Adventure Angling Q and A: “Ask the experts, then try Gary.”


[dropcap]A[/dropcap]s a public service, I’ve decided to respond with answers to the most frequently asked questions about wade and kayak fishing around the Big Bend coastline. So far, the number one query I get from folks who encounter me at water’s edge is “Do you know you have something stuck in your teeth?” Sometimes the questions are more relevant to catching fish. For example:

Q: What is the easiest creek to wadefish in the St. Marks National Wildlife Refuge? —Mel LaNoma, Tallahassee

A: Great question, Mel! Hike or bike 2.5 miles east on the Deep Creek levee, then just past a small spillway you’ll find the origin of Cedar Creek. Unlike many area waterways, Cedar Creek features mostly firm sand footing, many sandbars at low tide, and few sharp rocks or oyster clumps to disturb your trek. You can easily wade most of its length in two hours. I’ve never caught a damn thing in that creek.

Q: How do you decide whether to wade or kayak a fishy creek or stretch of shoreline? —Robin Zeggs, Sopchoppy

A: Another good one! Robin, it all depends what kind of surgery you pre- fer. If you have a hankering for rotator cuff repair, your best bet is to wait for a super windy day, and launch just as the incoming tide starts against you. Be sure to vastly underestimate the paddling distance to your honey hole, and use an old cracked paddle that breaks right as you start stroking back for home…into the outgoing tide. If knee surgery is more your cup of tea, load a backpack with 30 pounds of gear and tackle, and seek out the goopy bogs of Oyster Bay or Stoney Bayou.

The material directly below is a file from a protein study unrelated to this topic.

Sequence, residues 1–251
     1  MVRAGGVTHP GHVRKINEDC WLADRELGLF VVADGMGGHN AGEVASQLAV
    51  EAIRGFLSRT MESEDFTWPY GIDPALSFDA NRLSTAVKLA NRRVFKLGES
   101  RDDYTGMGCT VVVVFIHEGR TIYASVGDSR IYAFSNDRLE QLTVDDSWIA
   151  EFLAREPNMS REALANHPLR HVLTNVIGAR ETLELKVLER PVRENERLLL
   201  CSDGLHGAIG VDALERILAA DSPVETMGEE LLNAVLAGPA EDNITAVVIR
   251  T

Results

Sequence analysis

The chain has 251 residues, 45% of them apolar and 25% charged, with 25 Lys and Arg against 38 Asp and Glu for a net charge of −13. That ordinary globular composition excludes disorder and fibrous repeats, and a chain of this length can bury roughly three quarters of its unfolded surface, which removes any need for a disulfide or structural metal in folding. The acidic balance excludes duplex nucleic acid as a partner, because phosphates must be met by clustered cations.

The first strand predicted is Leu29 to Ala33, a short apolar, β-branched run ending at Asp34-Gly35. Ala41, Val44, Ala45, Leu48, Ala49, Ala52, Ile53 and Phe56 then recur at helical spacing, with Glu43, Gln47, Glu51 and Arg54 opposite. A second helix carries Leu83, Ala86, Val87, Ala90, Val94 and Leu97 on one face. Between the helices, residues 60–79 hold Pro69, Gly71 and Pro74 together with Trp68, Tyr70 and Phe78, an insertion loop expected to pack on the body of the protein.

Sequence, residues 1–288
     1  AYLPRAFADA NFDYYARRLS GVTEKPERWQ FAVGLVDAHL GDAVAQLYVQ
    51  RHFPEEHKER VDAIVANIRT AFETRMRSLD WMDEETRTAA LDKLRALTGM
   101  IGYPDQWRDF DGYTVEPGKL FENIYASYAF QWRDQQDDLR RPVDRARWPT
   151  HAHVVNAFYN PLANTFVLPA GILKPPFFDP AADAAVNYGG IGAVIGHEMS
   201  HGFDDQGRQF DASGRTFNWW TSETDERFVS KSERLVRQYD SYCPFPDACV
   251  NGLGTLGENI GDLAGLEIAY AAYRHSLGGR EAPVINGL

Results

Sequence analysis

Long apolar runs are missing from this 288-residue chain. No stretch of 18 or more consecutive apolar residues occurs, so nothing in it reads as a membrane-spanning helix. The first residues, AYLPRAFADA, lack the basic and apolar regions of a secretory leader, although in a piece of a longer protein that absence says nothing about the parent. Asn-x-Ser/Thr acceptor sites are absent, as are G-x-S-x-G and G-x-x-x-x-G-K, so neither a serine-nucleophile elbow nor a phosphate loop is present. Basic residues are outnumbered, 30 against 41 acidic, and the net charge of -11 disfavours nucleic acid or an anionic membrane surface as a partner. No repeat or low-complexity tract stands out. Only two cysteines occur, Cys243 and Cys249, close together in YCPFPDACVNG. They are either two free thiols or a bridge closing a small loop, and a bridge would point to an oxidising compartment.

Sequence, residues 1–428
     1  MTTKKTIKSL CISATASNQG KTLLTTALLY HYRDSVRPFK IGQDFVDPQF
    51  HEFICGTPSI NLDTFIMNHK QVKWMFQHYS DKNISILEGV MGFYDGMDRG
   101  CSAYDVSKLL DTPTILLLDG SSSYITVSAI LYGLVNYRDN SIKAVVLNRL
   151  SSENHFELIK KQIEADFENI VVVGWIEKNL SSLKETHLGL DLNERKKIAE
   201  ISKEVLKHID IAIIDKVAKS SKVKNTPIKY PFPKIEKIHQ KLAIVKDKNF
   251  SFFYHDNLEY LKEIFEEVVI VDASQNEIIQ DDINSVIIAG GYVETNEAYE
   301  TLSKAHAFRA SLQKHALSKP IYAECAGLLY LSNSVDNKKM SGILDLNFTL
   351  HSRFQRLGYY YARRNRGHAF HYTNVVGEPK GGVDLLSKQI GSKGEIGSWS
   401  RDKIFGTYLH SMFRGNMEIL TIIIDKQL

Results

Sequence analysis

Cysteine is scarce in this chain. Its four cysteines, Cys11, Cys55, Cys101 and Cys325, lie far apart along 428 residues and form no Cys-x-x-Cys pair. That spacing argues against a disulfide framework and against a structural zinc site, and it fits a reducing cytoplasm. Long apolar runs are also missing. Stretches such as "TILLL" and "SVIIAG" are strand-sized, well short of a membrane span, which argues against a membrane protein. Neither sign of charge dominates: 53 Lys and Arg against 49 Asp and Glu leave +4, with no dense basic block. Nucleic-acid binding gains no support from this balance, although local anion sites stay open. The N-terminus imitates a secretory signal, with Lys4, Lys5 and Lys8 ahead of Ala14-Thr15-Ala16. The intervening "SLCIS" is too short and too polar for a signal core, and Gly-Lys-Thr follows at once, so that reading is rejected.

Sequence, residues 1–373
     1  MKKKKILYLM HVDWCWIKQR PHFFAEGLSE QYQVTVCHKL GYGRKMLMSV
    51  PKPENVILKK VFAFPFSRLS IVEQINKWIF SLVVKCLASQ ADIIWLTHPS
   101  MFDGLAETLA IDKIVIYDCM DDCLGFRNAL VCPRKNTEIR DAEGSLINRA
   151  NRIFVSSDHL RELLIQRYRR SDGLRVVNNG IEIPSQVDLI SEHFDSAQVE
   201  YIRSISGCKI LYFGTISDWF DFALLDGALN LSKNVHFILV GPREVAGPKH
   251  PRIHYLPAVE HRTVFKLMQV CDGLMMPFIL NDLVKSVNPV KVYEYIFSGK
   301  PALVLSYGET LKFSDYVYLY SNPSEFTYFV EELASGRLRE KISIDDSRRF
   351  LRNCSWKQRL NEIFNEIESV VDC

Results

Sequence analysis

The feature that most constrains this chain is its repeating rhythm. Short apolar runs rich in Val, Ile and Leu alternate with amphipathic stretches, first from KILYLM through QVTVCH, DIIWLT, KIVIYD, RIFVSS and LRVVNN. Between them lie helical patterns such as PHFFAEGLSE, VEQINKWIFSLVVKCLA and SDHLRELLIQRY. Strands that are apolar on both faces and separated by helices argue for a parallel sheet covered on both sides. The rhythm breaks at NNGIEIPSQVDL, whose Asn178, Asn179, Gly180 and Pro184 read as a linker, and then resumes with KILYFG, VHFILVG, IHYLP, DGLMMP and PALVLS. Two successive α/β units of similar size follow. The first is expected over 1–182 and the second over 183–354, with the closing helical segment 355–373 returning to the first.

Throwing at least a 7 foot cast net while anchored in mud markedly improves your potential for shredding knee cartilage. The choice is yours!

Q: For Father’s Day, I have made an absolute guarantee to my Dad that I am going to get him into some fish. Now the pressure is on! Where do we go for a sure thing?Jerry Mander, Monticello

A: Launch into Ochlockonee Bay off Mashes Sands Road, and paddle west along the north shoreline until you reach Tide Creek. Wade onto shore, walk to Angelos, and order the charbroiled amberjack.

Q: Do you have a “back-up” plan to keep from getting “skunked” on really tough fishing days?Hugh Jorgan, Woodville

A: Well, Hugh, the key is “flexibility.” You need to re-define what “skunked” means. Specifically, on outings when not a single redfish, trout, or flounder “cooperates,” a ladyfish, gar, stingray, or mullet can “save the day.” One trip was a “goose egg” for me until my anxious mudminnow attracted a diving loon. Who says your catch must have “fins?”

Q: Hey, are you making fun of me for using quotation marks?

A: If the shoe fits, “Hugh.”

Q: That’s it, smart guy. I’m coming after you.

A: You can find me at the coast. I suggest wading after me in Oyster Bay. Wear flip-flops.